This year, though, she said she is a little more comfortable. Instead of full work days on Saturdays and Sundays before a week in court, this year she is not going into the office until noon on the weekend. She gets her groceries and provisions for the week on Sunday mornings, stocking up on quick, easy, healthy food for breakfasts and lunches, which she always eats at the office (since DC doesn’t deliver like New York City does). She goes to the gym at least twice during the week and once on the weekend, and Saturday mornings she is starting to explore DC, Virginia, and Maryland on her bike (which got a big Portsmouth cheer).
On days she is not in court, she does three things: read, think, and write.
She reads the briefs, and various court cases that apply to the facts, thinks about those facts and how the law applies. And she writes, not only opinions, but dissents or concurrences (if she agrees with another Justice but for different reasons), and memos to the other Justices—lots of talking to each other in writing.
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She also meets with may groups of people from all over the nation and the world, and invited each and every person in the audience to come and see their nation’s capitol. It’s the only city she knows where almost every museum is free, and even hotels and food is available that is affordable to all levels of society.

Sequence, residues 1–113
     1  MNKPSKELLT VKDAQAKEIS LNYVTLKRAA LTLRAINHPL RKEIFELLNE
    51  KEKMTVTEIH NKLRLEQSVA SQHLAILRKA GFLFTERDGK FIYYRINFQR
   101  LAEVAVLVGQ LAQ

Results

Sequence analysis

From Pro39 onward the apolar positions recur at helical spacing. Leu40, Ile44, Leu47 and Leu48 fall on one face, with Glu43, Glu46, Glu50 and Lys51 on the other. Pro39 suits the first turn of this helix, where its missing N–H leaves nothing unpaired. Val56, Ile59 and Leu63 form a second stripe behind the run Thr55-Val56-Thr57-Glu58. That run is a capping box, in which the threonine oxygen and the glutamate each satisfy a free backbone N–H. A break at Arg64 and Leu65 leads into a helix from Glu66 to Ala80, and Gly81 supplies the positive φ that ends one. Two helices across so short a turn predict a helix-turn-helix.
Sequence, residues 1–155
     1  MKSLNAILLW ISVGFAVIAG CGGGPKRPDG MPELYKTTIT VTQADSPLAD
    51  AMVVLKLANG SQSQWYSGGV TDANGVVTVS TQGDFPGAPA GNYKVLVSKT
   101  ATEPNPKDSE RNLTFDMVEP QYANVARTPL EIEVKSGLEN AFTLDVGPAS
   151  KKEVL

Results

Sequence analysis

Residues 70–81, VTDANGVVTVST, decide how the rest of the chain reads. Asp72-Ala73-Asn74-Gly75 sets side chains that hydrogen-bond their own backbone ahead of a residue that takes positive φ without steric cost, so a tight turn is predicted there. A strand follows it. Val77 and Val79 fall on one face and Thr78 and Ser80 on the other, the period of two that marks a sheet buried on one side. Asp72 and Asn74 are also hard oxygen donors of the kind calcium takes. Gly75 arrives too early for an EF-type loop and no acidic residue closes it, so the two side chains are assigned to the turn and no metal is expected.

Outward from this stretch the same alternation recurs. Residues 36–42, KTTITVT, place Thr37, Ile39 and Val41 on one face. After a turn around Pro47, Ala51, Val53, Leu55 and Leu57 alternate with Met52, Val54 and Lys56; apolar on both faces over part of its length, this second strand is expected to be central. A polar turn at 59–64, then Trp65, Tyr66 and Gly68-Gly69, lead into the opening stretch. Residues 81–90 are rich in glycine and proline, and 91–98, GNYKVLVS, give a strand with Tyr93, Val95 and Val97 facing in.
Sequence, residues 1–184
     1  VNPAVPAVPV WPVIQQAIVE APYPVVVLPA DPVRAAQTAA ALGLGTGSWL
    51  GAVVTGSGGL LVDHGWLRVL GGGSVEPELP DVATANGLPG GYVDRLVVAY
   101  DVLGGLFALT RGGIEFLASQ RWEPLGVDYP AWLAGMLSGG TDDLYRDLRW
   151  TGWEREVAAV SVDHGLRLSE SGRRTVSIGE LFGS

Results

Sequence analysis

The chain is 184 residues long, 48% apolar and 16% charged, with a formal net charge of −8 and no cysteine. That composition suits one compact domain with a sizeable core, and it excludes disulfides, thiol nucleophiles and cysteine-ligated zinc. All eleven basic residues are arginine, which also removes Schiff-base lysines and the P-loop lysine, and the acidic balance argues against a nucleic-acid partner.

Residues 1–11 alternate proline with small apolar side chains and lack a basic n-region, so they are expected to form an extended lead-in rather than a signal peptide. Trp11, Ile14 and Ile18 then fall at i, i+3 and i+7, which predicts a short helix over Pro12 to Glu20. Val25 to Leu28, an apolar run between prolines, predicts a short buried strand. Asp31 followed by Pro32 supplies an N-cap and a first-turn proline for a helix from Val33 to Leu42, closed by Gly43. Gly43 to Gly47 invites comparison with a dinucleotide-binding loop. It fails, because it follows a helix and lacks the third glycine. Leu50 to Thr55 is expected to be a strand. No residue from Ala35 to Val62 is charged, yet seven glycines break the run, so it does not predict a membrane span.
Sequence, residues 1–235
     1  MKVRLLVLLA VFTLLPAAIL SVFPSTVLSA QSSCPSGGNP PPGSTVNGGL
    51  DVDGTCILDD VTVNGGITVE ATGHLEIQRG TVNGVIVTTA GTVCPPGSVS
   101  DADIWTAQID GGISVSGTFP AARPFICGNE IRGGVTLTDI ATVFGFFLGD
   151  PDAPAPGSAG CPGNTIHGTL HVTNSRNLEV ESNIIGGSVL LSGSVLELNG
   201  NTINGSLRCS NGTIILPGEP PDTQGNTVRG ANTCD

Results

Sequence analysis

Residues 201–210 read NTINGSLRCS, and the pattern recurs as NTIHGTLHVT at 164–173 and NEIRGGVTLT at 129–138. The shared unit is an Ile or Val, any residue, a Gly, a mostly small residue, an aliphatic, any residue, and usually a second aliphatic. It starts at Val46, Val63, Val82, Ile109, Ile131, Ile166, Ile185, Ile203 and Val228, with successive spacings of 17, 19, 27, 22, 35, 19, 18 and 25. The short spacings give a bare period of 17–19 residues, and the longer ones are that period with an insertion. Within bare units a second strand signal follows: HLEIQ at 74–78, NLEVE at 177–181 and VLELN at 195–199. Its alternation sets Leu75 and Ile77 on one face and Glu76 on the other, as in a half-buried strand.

The Supreme Court, the Capitol, and the Library of Congress are not to missed. The Library of Congress, she says, is the greatest library in the world. “I know you think yours is,” she said, but pointed out that every copyrighted book that has been written is in the Library of Congress, making it an unrivaled collection—and the building is extraordinary as well.
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For all the reading, thinking, writing, and meetings, she said even if her life may seem boring, “what I’m doing, I’m passionate at it.” She loves being a voice, and being a part of making some of the most important decisions of our time. It’s an honor she does not take lightly.
She is constantly conscious to not abuse her power, to be the most prepared she can be for every case, to understand each one thoroughly, so that “at least my vote is well informed.”
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The most controversial passage in her book, she said, came in talking about the breakup of her marriage. Her husband felt that she didn’t need him, but she stated that she had never thought that need should be a part of love. In addition to regretting that she had not made her husband feel important enough, she said that she feels that there is a big difference between need and want. To need someone is different than to want someone, and to want to share a life with someone.
There were women took issue with this statement, and some because they thought it may scare away potential guys. She is still optimistic, though, that she will still meet someone.
“I understand that it’s a little intimidating, but I am the eternal optimist.”
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In her book, she talks about her very close cousin, Nelson, who had been addicted to heroin and ended up dying of AIDS. She got the permission of his mother and sister, her aunt and cousin, to read the manuscript and give permission before deciding to include his story in the book. In tears, they said that her book had brought him back to life, and had given his story and his death the chance to make a real difference. If just one person is helped to avoid his path, they said, then sharing his story is more than worth it.